Mathematics & Science
Applications of Systems of Differential Equations
Epidemiology: The Spread of Disease
(continued from last page...)
Making the Problem "Computer Friendly"
We're working with the system:
However, in it's current form, the problem doesn't lend itself to computer solution since it contains the unknown constants a and b. We'll make the problem more concrete by using known values for a and b. In fact we'll use a = 0.001, and b = 0.3. (In reality we would need to do an extensive study of a particular situation in order to arrive at values for these two constants.)
An additional difficulty for us is the fact that we're working with three differential equations instead of just two. While there is nothing theoretically wrong with three, (or even fifty-three,) equation systems, graphing becomes more difficult since we would have to deal with four variables in all (t is a variable too,) which makes us run out of physical dimensions that we can easily visualize. In many problems this difficulty cannot be avoided, but in this case there is a work-around available.
Notice that the first two equations are coupled, i.e. they share variables with one another, but neither of them contain the third variable, R. This means that they form a subsystem of our original system that can be dealt with independently. i.e. Unless we are really interested in the dynamics of the recovered population, we could eliminate the third equation from our consideration, along with the corresponding initial condition.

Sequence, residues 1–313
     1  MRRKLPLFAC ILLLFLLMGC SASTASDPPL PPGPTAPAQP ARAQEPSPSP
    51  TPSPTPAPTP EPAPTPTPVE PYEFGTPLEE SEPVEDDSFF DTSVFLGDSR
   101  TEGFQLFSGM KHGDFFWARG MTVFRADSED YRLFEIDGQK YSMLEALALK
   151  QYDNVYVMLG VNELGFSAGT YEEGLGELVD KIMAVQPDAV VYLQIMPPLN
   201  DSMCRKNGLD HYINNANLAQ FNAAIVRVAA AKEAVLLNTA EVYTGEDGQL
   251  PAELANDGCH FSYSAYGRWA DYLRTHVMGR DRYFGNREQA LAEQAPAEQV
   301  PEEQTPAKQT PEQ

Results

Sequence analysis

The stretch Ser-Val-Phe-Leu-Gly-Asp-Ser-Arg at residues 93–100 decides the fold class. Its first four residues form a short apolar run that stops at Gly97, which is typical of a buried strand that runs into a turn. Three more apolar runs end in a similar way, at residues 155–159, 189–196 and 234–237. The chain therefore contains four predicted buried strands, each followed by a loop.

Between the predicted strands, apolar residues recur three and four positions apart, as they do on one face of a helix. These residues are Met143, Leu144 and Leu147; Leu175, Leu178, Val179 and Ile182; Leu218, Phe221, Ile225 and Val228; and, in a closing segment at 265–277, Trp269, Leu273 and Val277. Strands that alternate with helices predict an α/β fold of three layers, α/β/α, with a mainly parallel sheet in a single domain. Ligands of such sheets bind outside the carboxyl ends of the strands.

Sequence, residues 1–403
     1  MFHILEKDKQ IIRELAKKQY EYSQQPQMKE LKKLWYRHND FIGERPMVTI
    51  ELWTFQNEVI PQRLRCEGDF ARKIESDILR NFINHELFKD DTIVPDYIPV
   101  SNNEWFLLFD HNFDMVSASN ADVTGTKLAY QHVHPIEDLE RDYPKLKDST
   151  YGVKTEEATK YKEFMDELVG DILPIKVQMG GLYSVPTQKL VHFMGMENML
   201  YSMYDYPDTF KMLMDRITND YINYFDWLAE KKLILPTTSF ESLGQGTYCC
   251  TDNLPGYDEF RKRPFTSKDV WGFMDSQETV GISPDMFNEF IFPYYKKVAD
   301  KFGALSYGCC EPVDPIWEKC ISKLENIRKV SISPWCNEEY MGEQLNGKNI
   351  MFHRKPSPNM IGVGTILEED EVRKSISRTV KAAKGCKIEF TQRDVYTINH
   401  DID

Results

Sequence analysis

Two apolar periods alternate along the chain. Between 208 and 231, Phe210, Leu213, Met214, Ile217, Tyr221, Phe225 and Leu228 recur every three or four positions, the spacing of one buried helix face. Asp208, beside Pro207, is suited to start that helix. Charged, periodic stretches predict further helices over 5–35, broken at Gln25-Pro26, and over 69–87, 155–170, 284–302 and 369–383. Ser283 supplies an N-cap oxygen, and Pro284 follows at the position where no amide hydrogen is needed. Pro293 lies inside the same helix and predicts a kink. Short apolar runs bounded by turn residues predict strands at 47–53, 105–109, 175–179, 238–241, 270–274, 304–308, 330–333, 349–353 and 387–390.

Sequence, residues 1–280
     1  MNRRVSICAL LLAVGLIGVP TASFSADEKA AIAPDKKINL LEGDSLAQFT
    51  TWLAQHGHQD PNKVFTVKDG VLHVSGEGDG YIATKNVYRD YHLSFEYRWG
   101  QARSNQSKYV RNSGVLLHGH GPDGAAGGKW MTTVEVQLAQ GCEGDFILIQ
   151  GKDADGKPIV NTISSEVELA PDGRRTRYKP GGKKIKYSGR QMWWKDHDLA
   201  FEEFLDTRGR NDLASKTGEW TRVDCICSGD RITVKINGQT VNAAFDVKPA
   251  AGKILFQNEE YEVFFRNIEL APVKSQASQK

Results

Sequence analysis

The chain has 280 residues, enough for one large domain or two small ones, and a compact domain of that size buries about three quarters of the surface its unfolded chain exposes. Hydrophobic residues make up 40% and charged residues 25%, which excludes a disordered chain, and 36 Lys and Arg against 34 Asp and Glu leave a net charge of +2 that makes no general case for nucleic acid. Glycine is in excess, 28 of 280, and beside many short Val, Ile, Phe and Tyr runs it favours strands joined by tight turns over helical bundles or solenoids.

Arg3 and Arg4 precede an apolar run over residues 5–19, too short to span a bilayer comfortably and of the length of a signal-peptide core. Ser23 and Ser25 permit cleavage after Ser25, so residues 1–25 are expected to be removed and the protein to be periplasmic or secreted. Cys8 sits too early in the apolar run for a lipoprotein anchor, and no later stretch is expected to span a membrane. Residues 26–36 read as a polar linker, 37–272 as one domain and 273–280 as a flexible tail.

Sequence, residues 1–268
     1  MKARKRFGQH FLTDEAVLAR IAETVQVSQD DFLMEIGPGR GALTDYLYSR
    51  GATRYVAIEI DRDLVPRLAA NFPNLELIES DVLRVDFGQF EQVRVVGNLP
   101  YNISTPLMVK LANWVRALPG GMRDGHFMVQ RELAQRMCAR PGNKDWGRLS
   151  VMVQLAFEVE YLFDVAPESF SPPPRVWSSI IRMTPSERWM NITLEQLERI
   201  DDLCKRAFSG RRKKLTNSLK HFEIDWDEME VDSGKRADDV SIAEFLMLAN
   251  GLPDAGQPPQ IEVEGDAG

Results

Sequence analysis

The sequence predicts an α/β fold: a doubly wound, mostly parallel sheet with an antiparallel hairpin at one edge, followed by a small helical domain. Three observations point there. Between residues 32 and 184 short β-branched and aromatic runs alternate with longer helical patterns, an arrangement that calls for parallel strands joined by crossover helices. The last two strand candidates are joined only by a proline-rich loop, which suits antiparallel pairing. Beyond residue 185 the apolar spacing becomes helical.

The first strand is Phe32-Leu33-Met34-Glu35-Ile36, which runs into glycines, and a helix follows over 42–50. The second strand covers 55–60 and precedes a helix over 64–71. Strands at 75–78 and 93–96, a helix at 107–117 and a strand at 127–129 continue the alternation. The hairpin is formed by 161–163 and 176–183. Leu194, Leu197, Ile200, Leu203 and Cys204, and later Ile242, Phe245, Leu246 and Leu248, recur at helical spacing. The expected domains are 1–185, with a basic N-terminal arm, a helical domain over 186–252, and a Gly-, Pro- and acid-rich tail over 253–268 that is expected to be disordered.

Implementing these changes, we arrive at the following system:
which is a little reminiscent of the predator-prey system we worked with earlier. In fact, what you will be doing for the rest of this laboratory is mimicking the steps you took in the Predator-Prey Laboratory in order to create plots of susceptibles vs. time, infecteds vs. time, and lastly a phase-plane diagram of susceptible-infected space.
Creating Susceptibles vs. Time and Infecteds vs. Time Graphs
In order to start we need some specific initial conditions. Let's say that at the beginning of our experiment there are 600 susceptible people, and 50 infected people, or symbolically:
If we put these into our initial value problem, it becomes:
which is in just the right form to feed into Mathematica's numerical solver. So let's do so, with the command:
(Notice that we're capturing the solution to the system into the variable disease1, and that I've chosen the interval 0 ≤ t ≤ 30 for the plot. Also, I've used lower case i instead of I, since I is a reserved Mathematica constant.)
Now jump into Mathematica and try it.
You can switch to Mathematica by clicking on the button at left. This will open up a fresh notebook for you. Remember that it will take it a while to start up! Don't forget to come back here when you're done! See you in a few minutes.
Now let's go see what you should have gotten...
ODE Laboratories: A Sabbatical Project by Christopher A. Barker
©2017 San Joaquin Delta College, 5151 Pacific Ave., Stockton, CA 95207, USA